(So, for example, if you have four inch refractor with a focal length of forty inches (F10), you will want an eight to nine millimeter eyepiece.
An F10 four inch telescope has a focal length of forty inches or 1,016 millimeters. Thus, an 8 millimeter eyepiece in a 1,016 millimeter focal length provides a magnification of 127X.
And a point source has the additional distinct advantage of providing a target which is inherently azimuthally symmetrical, which well reveals small amounts of astigmatism. SA is evident due to the fact that you are focusing in the very near field, not at close to infinity.
The point is, you want to select some details which you can only be sure are present if you have to look and peer carefully at the tree or barn or fence or lock. Now, choose a selection of eyepiece or eyepiece and barlow which provides a magnification of 100X per inch of aperture.Increasing the magnification makes the object larger which generally makes details more easily seen but it also dims them substantially, this would seem to be something of an eye test.If one wants to know that the telescope is showing everything that a telescope of that aperture can see, a comparison with some standard would seem appropriate... That requires nearly 3 inches of outward focus travel for a scope with a 1000mm focal length.(I would appreciate feedback of those who know that the aforementioned test does not provide the knowledge of one's telescope it claims to provide.If your knowledge of optics, telescopes, vision, stargazing is such that you know this "simple test" is just wrong or needs to be amended in some way; by all means, please add your comments here.) Edited by Otto Piechowski, 13 April 2015 - PM.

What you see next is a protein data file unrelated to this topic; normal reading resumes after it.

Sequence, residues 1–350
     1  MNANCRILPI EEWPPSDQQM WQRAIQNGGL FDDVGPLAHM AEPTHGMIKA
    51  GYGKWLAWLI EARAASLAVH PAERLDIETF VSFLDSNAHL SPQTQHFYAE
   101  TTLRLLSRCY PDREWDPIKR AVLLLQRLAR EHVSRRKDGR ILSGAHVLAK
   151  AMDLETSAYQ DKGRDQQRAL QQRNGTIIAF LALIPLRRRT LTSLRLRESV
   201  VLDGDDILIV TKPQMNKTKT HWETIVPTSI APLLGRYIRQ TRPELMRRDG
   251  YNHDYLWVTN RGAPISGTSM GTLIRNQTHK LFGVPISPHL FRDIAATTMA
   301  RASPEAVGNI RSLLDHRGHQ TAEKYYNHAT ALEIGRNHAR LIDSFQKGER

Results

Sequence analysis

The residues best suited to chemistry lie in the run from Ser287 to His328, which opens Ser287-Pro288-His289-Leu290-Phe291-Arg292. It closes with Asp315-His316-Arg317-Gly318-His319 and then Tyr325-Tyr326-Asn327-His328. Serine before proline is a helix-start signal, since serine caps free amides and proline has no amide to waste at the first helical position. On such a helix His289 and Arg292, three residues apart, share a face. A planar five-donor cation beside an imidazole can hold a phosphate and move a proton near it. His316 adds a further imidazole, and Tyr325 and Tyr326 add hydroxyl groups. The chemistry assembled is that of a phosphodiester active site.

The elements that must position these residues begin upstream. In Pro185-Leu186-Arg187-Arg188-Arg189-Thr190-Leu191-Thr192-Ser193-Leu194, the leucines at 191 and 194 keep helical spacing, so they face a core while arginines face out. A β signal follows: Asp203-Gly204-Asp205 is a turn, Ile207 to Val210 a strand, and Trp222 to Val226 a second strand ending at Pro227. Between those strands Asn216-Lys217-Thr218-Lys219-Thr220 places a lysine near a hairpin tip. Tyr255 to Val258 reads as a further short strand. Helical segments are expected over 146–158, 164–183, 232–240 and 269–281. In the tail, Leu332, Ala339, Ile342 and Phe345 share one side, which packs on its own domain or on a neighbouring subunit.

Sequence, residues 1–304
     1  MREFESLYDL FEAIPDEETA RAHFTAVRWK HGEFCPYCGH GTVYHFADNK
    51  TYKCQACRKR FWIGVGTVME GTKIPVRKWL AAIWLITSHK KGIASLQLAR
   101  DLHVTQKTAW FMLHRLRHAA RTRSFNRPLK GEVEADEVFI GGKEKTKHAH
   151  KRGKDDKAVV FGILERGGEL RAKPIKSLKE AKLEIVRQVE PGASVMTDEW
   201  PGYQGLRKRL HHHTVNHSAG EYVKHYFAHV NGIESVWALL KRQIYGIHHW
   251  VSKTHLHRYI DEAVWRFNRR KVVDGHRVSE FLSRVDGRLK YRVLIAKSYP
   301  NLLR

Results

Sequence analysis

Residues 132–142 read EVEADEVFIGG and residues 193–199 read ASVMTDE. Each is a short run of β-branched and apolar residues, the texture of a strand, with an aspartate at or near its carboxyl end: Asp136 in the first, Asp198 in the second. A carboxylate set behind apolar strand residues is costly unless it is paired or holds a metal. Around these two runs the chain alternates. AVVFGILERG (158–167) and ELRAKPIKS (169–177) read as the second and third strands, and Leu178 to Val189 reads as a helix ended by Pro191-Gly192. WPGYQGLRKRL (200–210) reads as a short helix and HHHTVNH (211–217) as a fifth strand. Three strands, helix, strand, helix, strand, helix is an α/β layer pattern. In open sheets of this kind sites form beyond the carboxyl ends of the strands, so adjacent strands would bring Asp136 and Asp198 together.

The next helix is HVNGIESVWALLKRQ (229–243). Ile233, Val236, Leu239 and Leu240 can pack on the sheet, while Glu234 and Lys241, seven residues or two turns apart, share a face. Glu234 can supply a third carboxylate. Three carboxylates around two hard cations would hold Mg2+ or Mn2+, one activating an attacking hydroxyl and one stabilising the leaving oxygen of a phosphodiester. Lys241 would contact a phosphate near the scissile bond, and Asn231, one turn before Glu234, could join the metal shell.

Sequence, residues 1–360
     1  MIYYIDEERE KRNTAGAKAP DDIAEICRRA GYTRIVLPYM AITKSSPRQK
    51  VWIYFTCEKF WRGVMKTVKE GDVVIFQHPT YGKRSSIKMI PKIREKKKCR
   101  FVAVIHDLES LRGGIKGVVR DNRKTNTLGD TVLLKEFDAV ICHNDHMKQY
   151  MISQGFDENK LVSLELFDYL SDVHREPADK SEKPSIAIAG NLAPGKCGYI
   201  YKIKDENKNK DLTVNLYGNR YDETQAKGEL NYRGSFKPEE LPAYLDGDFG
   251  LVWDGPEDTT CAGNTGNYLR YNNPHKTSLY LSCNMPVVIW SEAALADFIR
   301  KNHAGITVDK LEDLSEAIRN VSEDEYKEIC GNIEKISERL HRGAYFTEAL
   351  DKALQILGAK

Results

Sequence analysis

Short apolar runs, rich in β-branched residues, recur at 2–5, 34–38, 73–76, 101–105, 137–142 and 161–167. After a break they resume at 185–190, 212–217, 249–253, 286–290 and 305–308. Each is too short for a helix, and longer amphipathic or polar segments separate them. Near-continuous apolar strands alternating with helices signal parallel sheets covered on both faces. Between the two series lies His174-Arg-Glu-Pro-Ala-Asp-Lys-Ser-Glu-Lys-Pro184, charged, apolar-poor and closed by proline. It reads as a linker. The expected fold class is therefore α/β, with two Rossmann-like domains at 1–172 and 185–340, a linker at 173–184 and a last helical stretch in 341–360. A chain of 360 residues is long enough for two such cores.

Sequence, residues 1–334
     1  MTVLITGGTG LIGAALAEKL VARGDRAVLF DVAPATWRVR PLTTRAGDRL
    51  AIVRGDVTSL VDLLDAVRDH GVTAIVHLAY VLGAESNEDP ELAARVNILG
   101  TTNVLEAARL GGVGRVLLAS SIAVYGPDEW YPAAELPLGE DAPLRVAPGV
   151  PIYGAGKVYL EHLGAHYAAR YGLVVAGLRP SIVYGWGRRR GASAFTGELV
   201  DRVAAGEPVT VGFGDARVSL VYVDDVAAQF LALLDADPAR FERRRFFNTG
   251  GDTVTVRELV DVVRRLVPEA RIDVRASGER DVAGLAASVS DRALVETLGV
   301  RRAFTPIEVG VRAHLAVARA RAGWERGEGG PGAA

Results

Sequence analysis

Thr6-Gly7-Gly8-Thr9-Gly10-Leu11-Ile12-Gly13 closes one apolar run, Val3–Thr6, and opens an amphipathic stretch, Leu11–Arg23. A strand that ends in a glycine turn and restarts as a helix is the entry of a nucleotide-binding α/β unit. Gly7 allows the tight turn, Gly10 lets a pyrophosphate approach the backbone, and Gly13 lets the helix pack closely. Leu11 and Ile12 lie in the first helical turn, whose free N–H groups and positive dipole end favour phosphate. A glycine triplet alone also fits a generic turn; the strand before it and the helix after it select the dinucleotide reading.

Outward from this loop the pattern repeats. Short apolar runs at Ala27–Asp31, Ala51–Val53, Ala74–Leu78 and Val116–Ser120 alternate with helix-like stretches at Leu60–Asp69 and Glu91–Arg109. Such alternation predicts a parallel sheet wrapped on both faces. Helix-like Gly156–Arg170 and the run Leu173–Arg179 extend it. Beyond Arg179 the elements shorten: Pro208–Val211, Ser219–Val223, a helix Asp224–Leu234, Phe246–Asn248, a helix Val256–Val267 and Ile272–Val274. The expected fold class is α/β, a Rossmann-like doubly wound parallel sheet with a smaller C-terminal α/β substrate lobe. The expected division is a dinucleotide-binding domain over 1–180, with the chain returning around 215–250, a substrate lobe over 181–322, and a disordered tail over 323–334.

We want to be assured that they optical elements are properly collimated.